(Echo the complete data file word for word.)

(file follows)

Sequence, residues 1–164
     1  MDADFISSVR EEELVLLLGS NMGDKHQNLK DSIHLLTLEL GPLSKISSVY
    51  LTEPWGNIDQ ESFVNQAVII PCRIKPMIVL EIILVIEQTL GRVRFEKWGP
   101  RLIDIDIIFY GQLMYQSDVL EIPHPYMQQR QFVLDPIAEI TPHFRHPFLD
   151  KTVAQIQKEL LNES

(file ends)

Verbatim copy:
Sequence, residues 1–164
     1  MDADFISSVR EEELVLLLGS NMGDKHQNLK DSIHLLTLEL GPLSKISSVY
    51  LTEPWGNIDQ ESFVNQAVII PCRIKPMIVL EIILVIEQTL GRVRFEKWGP
   101  RLIDIDIIFY GQLMYQSDVL EIPHPYMQQR QFVLDPIAEI TPHFRHPFLD
   151  KTVAQIQKEL LNES